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US stocks rise and government bonds soften as traders anticipate rate rises

US and European stocks rose on Tuesday, while government bond prices softened, as traders anticipated central banks on both sides of the Atlantic tightening monetary policy to curb surging inflation.

The S&P 500 share gauge increased by 0.6 per cent as investors balanced signals from Federal Reserve chair Jay Powell about a series of US interest rate rises this year with his reassurance that tightening would not spark a recession.

The technology-focused Nasdaq Composite added 0.7 per cent.

Meanwhile, the yield on the 10-year US Treasury note, a benchmark for debt costs worldwide, added 0.05 percentage points to 2.36 per cent — a level not seen since May 2019 — after a sell-off overnight. Bond yields move inversely to their prices.

Powell said on Monday that the Fed should move “expeditiously” towards tighter monetary policy. He also pushed back on concerns that this would cause a recession, citing episodes in 1965, 1984 and 1994 when the Fed slowed an overheated economy without prompting a sharp contraction.

“The bond market is responding to expectations of tighter monetary policy, but equity markets are saying if Powell is confident about the growth outlook then risk assets will do well,” said Seema Shah, global investment strategist at Principal Global Investors.

“Equity markets responding in this way is a bit surprising,” she added. “One of these views is going to give at some point.”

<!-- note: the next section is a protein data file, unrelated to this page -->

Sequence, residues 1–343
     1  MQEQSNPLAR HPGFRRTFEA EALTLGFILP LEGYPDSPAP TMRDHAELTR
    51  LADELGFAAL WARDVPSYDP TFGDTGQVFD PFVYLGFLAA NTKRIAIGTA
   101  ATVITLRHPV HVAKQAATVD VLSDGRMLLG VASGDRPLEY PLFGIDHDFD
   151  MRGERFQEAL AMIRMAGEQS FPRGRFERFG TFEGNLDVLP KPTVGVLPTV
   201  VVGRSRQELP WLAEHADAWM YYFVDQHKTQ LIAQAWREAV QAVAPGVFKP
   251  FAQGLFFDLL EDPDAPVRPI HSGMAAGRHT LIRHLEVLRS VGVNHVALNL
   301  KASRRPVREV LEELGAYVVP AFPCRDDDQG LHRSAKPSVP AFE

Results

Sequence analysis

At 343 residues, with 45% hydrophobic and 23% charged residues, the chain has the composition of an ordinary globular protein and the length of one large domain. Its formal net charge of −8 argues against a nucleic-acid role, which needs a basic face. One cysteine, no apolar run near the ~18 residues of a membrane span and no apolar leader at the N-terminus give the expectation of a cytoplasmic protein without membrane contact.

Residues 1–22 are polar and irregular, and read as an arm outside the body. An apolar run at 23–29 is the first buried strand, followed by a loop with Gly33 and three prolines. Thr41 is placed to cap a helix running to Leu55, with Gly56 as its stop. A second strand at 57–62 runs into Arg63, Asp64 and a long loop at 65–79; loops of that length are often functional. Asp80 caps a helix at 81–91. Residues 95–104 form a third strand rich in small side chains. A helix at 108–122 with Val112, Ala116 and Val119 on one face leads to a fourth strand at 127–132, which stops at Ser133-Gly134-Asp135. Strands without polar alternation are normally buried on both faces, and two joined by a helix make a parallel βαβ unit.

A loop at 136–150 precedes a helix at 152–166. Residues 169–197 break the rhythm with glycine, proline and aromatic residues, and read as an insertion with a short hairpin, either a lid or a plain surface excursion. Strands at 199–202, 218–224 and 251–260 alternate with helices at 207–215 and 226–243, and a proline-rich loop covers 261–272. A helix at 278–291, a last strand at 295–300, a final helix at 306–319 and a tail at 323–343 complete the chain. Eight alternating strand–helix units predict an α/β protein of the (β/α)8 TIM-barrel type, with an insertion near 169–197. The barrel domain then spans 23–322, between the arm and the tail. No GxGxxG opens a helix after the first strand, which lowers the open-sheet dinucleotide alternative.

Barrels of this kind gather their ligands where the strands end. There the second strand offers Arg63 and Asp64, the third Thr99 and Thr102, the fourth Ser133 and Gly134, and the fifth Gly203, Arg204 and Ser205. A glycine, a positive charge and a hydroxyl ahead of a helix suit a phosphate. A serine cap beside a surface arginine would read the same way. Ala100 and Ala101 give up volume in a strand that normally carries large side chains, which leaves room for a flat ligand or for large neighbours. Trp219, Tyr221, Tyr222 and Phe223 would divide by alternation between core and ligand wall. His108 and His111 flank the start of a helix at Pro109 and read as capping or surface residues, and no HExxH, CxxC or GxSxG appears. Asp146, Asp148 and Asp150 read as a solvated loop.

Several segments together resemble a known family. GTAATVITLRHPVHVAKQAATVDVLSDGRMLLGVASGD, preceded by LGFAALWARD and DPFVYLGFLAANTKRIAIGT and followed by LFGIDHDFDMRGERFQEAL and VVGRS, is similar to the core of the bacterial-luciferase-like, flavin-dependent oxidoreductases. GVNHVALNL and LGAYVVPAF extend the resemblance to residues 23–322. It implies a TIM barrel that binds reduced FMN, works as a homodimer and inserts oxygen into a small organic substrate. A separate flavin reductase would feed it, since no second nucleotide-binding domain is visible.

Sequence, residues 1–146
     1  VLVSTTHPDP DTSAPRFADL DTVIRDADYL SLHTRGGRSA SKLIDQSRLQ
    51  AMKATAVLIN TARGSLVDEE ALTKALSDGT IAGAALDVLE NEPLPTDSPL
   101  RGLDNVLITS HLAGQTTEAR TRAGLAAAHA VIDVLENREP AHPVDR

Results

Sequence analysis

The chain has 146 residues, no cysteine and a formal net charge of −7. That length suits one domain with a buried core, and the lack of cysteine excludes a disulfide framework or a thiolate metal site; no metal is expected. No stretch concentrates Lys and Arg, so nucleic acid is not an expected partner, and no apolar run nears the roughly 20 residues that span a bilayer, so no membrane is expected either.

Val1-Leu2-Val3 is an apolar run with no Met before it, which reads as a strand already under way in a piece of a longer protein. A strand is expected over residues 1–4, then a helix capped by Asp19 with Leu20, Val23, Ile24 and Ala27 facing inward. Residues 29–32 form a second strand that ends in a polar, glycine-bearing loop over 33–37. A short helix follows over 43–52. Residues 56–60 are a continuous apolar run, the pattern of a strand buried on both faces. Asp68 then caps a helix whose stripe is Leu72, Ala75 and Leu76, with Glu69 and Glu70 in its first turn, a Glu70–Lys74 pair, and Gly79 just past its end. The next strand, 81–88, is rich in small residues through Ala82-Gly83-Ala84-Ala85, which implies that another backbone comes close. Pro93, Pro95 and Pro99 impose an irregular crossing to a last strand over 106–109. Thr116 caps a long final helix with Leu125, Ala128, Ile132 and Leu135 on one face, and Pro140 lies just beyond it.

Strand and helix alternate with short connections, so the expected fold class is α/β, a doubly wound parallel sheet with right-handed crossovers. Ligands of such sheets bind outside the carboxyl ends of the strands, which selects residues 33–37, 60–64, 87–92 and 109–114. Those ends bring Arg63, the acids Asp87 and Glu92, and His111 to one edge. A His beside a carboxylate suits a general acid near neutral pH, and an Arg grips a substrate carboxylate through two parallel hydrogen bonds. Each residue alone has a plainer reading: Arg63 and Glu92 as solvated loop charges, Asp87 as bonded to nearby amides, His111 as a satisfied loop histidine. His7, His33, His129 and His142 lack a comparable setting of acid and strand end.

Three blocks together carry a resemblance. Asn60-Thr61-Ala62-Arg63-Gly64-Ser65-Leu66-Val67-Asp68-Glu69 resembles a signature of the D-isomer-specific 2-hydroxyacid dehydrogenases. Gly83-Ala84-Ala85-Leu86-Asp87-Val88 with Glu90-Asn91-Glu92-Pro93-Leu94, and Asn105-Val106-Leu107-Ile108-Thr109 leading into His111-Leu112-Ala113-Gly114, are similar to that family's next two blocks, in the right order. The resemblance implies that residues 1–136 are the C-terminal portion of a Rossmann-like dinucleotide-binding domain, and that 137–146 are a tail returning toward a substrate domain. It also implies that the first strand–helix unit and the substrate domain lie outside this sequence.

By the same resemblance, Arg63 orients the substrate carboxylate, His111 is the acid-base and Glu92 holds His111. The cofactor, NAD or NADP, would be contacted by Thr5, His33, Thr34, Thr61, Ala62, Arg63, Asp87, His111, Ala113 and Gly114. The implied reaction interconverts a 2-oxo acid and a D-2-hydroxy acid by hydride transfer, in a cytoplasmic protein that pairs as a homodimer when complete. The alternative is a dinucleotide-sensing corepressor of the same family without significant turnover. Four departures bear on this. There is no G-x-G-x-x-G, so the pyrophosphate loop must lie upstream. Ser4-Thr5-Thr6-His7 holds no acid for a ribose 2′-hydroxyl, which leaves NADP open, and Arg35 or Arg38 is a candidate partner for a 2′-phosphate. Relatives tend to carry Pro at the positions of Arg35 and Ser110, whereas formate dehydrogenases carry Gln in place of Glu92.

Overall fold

Europe’s regional Stoxx 600 share index, which remains more than 6 per cent lower for the year, added 0.6 per cent, with strong gains for financial stocks. Bundesbank president Joachim Nagel said on Monday that the European Central Bank should raise interest rates this year if the inflation outlook warranted it. Germany’s Xetra Dax rose 0.7 per cent and London’s FTSE 100 gained 0.5 per cent.

The US Treasury market is experiencing its worst month since 2016 after the Fed raised interest rates last week for the first time since 2018. US consumer price inflation soared to a fresh 40-year high of 7.9 per cent last month.

Russia’s invasion of Ukraine has prompted sharp jumps in the price of commodities from oil to cotton, exacerbating inflationary pressures caused by resurgent demand following coronavirus shutdowns and prompting markets to predict the Fed raising its funds rate to beyond 2 per cent by December.

“Inflation expectations for the next one to two years are now extremely high,” said Brian Nick, chief investment strategist at Nuveen. “But the scenario where the Fed goes ahead and does what it is signalling it will do is probably the best-case scenario,” he added. “Do too little and inflation becomes further entrenched.”

The 10-year German Bund yield, a barometer for eurozone borrowing costs, rose 0.06 percentage points to 0.51 per cent, its highest since October 2018.

Brent crude edged 0.1 per cent lower on Tuesday to $115 a barrel. The oil benchmark remains almost a fifth higher since February 23, the day before Russia launched its incursion into Ukraine.

The dollar index, which measures the US currency against six others, was flat. The yen dropped to ¥121 per dollar, its weakest level in more than six years, boosting the shares of Japanese exporters.

Hong Kong’s Hang Seng index gained 3 per cent, picking up a rally that began last week when Chinese vice-premier Liu He made a rare intervention to pledge state support for the economy and capital markets.

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